Date of Award


Document Type

Open Access Dissertation

Degree Name

Doctor of Philosophy in Electrical Engineering (PhD)

Administrative Home Department

Department of Electrical and Computer Engineering

Advisor 1

Christopher T. Middlebrook

Committee Member 1

Paul L. Bergstrom

Committee Member 2

Durdu Guney

Committee Member 3

Miguel Levy


Modulators within Microwave photonic links (MPLs) encode Radio Frequency (RF) signal information to the optical domain for transmission in applications such as wireless access networks and antenna remoting exploiting advantages optical fiber offers over RF coaxial cables including bandwidth, loss, size, weight, and immunity to electromagnetic interference. A critical figure-of-merit in MPLs is spur-free-dynamic-range (SFDR) defining the range of RF signal power a MPL transmits without distortion. Current Mach-Zehnder Interference (MZI) modulators used in MPLs limit the SFDR because of the associated nonlinear sinusoidal transfer function.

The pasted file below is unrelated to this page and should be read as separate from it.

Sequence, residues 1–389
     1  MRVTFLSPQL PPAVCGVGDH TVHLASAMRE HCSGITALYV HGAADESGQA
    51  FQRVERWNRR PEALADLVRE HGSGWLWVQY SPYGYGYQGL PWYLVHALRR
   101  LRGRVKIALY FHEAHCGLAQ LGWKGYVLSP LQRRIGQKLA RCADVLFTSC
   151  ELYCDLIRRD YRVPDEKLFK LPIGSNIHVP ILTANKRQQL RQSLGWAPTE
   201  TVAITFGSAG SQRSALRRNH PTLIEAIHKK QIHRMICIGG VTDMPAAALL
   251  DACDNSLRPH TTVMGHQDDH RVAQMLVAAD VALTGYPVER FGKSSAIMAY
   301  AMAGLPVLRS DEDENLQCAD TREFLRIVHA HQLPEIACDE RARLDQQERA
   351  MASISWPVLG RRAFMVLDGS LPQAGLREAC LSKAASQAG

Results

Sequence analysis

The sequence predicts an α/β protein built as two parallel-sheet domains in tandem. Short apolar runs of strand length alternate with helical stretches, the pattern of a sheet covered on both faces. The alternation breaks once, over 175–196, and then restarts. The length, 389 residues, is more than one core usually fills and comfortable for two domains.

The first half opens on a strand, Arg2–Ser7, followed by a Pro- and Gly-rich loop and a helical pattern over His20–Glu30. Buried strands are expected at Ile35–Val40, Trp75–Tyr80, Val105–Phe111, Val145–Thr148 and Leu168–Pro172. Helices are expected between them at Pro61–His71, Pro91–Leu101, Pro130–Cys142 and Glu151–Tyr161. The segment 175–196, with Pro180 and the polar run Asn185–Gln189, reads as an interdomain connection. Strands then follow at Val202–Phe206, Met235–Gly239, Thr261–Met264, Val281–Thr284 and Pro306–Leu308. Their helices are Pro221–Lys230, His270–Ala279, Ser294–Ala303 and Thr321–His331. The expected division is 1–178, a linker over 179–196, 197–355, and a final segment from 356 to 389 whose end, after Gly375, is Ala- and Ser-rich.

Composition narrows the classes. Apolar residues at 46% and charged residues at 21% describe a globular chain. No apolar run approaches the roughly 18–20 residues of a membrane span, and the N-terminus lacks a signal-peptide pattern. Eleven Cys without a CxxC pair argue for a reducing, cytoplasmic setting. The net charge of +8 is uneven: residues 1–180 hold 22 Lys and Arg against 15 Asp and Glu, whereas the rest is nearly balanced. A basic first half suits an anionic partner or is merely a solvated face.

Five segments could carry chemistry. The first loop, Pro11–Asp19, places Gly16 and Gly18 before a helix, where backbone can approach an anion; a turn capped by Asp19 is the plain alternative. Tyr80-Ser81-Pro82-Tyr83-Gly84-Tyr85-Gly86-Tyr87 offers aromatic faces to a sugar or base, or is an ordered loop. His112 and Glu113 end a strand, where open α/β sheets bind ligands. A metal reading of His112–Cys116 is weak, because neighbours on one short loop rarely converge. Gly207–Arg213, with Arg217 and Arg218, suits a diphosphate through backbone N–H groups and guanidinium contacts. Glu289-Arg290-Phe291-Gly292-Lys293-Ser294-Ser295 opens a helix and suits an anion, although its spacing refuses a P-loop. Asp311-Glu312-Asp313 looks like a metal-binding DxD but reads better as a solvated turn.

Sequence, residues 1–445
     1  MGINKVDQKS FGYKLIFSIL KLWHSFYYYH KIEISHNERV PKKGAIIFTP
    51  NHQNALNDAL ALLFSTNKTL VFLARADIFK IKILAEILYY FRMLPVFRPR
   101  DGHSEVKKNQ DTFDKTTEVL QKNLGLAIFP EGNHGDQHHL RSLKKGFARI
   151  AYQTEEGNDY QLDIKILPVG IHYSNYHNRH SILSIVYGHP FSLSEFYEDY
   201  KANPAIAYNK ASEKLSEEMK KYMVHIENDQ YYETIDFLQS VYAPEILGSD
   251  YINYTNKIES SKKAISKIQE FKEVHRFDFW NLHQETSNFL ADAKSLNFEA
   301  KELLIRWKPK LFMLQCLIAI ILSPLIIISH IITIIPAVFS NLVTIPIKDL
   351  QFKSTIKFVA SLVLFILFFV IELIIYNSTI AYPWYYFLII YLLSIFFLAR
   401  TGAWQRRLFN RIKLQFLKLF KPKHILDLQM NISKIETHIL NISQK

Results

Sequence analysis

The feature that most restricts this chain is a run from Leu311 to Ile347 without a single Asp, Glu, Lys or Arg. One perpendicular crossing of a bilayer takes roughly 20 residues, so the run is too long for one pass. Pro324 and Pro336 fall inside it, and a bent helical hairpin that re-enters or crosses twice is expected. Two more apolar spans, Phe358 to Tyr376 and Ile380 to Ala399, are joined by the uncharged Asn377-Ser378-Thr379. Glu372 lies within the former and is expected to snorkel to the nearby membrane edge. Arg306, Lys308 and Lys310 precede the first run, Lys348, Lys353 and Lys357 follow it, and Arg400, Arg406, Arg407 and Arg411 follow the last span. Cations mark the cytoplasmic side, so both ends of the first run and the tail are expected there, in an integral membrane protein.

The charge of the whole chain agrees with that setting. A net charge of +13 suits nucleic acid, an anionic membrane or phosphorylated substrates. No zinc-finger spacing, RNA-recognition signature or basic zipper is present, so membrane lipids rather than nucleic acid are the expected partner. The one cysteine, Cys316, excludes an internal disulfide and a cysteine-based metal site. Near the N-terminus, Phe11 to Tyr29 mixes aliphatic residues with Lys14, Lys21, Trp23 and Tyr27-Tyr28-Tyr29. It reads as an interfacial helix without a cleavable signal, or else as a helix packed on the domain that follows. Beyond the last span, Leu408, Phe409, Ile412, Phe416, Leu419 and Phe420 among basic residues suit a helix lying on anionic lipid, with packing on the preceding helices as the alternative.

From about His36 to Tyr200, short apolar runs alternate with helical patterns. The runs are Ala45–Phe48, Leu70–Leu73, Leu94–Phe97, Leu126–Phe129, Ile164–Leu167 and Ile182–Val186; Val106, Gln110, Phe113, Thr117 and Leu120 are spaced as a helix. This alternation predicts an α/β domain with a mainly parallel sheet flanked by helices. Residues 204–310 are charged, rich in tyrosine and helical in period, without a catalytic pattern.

A rigorous theoretical method is developed followed by design, fabrication, and testing to investigate a linear ring resonator modulator (RRM) modulator for MPLs. The linear nature of the Lorentzian transfer function for the RRM is utilized over the sinusoidal transfer function within MZI modulators offering significant improvement in MPL SFDR. A novel bias voltage adjustment method is developed for practical implementations improving SFDR of 6 dB versus MZI at 500 MHz noise bandwidth. RRM is shown to be applicable for applications requiring high operational frequencies while in a limited operational bandwidth such as millimeter-wave wireless networks. To improve RRM SFDR in wide operational bandwidths a novel dual ring resonator modulator (DRRM) design is demonstrated. DRRM suppresses the third order intermodulation distortion in a frequency independent process removing SFDR limits of RRM.